Looking For A Sure Thing? Secondary Funds Come To Mind

Ask limited partners what manner of funds they have an appetite for and the answer often includes secondary funds. And no wonder.

Secondary funds, typically earmarked to buy interests in already-formed private equity partnerships, offer instant diversification by vintage year. They provide early distributions in an industry often parched for liquidity. They can provide access to invitation-only funds not otherwise attainable. And, while arguably taking less risk than other private equity firms, managers of secondary funds appear to provide superior returns.

Consider our database of 38 secondary funds, vintage years 1990 to 2006, collected from 13 institutional investors that make their return data public (with data for most of the funds current through March 31 2011). Incredibly, only one fund in the entire database appears to have lost money for investors—a 2004 vintage fund that, unlike most of the partnerships in our database, pursues a strategy of buying interests in portfolio companies, not funds.

And it’s close to break-even, on paper anyway. As of June 30, this particular fund, W Capital Partners I LP, was showing a 1x investment multiple, and a negative 1.8 percent net IRR, for backer California Public Employees’ Retirement System. (By contrast, its successor 2007 fund, whose strategy migrated away from venture capital, is doing far better, having generated a 1.6x investment multiple and 21 percent net IRR as of June 30.) An executive at the firm declined to comment for this article.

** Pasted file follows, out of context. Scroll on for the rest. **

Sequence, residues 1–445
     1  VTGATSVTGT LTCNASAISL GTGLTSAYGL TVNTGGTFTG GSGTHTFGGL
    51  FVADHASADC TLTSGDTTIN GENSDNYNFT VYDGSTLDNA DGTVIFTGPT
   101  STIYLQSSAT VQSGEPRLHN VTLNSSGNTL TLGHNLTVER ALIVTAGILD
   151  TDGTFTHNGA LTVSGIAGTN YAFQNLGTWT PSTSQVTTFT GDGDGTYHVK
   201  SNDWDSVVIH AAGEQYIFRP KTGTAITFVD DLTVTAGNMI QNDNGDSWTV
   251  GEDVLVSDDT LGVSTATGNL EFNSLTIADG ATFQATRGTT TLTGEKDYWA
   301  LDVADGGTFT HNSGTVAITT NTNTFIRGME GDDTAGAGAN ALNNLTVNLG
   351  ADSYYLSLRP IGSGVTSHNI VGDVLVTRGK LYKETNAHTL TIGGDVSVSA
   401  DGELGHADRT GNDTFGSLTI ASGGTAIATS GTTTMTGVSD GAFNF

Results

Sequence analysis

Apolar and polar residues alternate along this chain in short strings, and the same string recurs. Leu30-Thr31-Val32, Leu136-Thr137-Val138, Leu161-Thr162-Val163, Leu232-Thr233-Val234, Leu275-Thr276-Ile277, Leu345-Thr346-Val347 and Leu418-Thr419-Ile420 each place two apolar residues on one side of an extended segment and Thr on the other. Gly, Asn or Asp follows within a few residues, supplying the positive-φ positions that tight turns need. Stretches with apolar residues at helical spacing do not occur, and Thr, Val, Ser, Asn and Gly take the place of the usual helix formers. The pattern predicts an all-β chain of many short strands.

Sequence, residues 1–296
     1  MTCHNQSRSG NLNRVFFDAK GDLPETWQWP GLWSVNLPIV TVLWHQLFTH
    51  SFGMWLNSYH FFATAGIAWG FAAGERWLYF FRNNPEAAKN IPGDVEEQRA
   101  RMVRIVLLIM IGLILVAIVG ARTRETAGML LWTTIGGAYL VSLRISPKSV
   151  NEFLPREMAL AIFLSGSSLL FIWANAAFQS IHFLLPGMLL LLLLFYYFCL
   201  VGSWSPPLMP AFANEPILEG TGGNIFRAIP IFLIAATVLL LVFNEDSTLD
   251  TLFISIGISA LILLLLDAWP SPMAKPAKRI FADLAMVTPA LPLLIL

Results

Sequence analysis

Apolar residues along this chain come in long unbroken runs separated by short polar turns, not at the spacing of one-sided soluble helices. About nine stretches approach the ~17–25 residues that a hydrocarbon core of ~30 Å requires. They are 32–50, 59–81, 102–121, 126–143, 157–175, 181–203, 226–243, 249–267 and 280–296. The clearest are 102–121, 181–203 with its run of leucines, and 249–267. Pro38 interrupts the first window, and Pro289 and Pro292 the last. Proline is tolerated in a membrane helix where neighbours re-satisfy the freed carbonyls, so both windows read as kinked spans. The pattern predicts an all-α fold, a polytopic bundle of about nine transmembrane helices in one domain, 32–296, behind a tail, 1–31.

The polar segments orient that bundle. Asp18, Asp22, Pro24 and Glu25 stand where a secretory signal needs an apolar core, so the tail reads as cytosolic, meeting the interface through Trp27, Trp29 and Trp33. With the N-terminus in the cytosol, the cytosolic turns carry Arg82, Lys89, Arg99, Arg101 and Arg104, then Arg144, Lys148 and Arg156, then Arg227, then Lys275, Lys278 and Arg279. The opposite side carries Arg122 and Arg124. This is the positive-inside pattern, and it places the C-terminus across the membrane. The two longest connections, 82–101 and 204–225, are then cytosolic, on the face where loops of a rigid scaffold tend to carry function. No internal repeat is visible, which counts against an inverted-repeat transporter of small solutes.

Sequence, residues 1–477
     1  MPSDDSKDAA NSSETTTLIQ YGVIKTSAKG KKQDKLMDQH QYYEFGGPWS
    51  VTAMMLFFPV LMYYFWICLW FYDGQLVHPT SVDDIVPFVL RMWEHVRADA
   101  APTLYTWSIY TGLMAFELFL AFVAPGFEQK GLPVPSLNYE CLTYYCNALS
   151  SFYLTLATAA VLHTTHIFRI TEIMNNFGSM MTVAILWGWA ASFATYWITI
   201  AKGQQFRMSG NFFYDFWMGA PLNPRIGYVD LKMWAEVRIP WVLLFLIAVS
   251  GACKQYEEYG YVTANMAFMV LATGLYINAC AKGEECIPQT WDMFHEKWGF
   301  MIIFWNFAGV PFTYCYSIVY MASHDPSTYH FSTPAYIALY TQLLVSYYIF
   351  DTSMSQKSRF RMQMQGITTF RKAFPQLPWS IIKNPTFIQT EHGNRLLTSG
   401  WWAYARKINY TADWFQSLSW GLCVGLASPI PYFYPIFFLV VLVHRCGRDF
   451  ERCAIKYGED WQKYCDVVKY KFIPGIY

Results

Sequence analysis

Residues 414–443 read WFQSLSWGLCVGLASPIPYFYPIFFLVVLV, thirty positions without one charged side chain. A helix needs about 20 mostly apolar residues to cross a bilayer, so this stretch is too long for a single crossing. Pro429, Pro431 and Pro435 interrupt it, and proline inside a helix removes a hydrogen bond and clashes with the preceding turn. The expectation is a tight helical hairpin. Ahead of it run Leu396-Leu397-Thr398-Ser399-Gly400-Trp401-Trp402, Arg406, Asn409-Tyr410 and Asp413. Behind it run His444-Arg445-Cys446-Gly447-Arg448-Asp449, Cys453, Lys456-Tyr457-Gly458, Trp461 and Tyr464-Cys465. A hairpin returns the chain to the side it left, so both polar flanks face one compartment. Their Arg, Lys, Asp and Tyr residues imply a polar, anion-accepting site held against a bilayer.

All told, the 37 funds that provide relevant data have drawn down $2.7 billion, returned $2.7 billion, and have remaining holdings valued at $1.1 billion. That’s good for a total investment multiple of 1.42x. The bottom-quartile investment multiple for the 37 funds is 1.16x; median 1.30x; and top-quartile 1.51x. That may not sound over-the-top terrific. But bear in mind secondary funds tend to return money to their investors much sooner than do regular private equity funds. And that fact shows up in the high IRRs they generate. The bottom-quartile IRR for our sample of 31 secondary funds that provide IRRs is 6.05 percent, median 14.10 percent and top-quartile a lofty 27.62 percent. For comparison, the bottom-quartile IRR for all 518 buyout and corporate finance funds in our database is 3.18 percent, median is 9.93 percent and top-quartile is 18.78 percent (for the most part as of March 31 2011).

Below are the top 10 performing funds in our secondary database by investment multiple, or roughly the top quartile of funds that we have investment multiples for.

By David Toll